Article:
The daily headlines alone provide fertile enough material for a critique of rising populism. But Robert Schenkkan’s play forces us to look up from the daily news drip feed and reflect on where an unchecked Trumpism could lead. Not in a far-off, technologically-facilitated dystopia, but as near as next month or next year.
Rick (Trevor White) is being held in solitary confinement awaiting sentencing for… one isn’t quite sure – but it’s clearly not a minor misdemeanour. Academic psychologist Gloria (Angela Griffin) has obtained permission to interview him, with the hope of really understanding how events came to pass. As the play progresses, Rick opens up to Gloria’s questioning and the true horror of what ‘building the wall’ meant in practice is bit-by-bit uncovered. Relayed second-hand in this way, the contingent nature of reality in a world of ‘fake news’ is subtly teased out, and the audience is forced to consider the limits of what they can give imaginative credence to.
This macro-political hook is a perfect dramatic foil to the play’s micro-psychological dynamic. Through Rick’s experience and testimony, it explores timeless questions of moral responsibility of those who find themselves in extreme situations. Although Schenkkan chooses to make Rick a Trump supporter (he was a late convert, attending rallies mainly ‘for fun’), he stands for millions whose disillusionment and apathy more than their convictions make them prey to populism. It is circumstance rather than his politics that puts Rick at the centre of events, which gives this personal aspect to the play wider salience.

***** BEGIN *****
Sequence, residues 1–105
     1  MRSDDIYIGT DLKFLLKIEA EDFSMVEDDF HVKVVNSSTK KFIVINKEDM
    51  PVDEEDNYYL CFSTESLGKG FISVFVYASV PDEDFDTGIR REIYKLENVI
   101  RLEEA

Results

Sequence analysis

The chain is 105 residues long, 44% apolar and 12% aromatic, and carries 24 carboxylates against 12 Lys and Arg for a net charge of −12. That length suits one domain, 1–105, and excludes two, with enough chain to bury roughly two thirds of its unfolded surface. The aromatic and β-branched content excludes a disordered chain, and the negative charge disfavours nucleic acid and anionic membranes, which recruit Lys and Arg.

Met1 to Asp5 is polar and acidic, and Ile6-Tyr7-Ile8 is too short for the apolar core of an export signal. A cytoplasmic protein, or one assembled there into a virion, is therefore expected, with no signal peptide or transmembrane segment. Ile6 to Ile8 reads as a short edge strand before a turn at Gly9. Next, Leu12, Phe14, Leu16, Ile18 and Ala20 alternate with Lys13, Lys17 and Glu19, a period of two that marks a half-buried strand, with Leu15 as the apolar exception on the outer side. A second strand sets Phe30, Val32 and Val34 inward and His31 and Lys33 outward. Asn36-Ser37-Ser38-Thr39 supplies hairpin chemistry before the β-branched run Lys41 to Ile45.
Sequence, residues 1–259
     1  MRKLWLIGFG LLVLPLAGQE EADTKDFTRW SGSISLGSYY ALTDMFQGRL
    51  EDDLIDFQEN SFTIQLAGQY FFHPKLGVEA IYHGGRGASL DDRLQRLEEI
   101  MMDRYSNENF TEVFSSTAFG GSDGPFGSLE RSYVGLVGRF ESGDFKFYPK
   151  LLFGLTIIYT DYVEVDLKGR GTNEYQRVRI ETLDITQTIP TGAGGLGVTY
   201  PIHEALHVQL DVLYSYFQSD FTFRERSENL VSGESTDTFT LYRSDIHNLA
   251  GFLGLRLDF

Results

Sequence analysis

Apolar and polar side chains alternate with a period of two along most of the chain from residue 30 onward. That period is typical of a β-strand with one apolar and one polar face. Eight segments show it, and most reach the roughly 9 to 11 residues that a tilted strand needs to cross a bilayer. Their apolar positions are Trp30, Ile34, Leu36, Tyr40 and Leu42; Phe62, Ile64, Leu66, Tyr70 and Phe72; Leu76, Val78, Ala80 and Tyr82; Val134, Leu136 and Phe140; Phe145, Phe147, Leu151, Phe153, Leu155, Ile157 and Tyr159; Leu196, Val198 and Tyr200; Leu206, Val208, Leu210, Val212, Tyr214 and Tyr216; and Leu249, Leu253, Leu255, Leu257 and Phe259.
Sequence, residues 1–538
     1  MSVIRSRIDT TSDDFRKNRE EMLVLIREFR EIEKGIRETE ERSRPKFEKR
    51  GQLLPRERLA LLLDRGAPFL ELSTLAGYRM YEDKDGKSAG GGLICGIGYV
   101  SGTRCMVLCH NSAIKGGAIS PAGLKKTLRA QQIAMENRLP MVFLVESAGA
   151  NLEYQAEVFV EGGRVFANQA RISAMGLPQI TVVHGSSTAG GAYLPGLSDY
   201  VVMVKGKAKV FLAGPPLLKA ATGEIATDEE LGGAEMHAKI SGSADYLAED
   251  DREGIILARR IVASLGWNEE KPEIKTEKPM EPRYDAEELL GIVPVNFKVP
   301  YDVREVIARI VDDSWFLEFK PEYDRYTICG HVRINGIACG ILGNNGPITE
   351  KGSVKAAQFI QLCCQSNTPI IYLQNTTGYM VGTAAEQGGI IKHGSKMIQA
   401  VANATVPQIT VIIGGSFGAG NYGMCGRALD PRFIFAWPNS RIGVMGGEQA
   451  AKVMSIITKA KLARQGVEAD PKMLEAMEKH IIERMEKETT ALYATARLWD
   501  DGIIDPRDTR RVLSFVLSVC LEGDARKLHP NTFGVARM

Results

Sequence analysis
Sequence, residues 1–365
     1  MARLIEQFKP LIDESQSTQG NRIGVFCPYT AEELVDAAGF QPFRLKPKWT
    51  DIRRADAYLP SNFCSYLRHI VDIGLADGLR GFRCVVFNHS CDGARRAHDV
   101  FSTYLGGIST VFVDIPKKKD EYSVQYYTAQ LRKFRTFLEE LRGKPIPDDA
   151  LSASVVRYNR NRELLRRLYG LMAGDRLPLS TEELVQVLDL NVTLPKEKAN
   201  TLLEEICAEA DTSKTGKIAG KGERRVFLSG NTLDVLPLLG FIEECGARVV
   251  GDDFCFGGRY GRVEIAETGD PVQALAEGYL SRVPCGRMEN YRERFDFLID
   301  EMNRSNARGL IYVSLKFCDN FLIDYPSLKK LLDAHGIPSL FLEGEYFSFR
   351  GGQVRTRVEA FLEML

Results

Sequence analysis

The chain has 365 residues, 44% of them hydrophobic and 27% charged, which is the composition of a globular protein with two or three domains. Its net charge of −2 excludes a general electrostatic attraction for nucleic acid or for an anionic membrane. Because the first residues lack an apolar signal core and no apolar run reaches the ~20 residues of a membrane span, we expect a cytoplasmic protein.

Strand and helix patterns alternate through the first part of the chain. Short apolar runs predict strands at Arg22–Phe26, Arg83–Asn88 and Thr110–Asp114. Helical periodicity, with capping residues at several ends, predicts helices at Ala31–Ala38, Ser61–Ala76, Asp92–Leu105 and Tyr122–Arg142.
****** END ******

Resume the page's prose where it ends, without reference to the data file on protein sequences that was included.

White’s superbly-crafted performance as a broken neurotic, who still retains flashes of defiance and articulate self-expression, is gripping throughout. His acting turns a clever script into an emotionally compelling and deeply memorable experience. As the narrative develops towards its crescendo, Gloria struggles to maintain the detachment fitting for a researcher, and her increasingly personal involvement serves to heighten the tension. The entire play is staged in a glass-walled interview room of Rick’s high-security prison and the high-tempo dialogue and narrative benefit from the intensity and absence of distraction that this provides.
This is intelligently-written, thought-provoking theatre at its best, done justice by finely acted parts. It’s essential viewing for anyone with an eye on where the world could be going. And Schenkkan’s message is – that should be all of us.
Playing until 2nd June
Ticket details: https://www.parktheatre.co.uk/whats-on/building-the-wall
ROBERT SCHENKKAN I WRITER
JEZ BOND I DIRECTOR
SARAH BEATON I DESIGNER
SALLY FERGUSON I LIGHTING DESIGNER
THEO HOLLOWAY I SOUND DESIGNER
NATASHA HARRISON I MOVEMENT DIRECTOR
RACHAEL WILLIAMS I PRODUCER
SACHA QUEIROZ I PRODUCTION MANAGER
EMILY HUMPHREYS I COMPANY STAGE MANAGER
GERALDINE DONALDSON I ASSISTANT STAGE MANAGER
THE SCENERY SHOP I SET CONSTRUCTION
KATE HEMSTOCK I COSTUME SUPERVISOR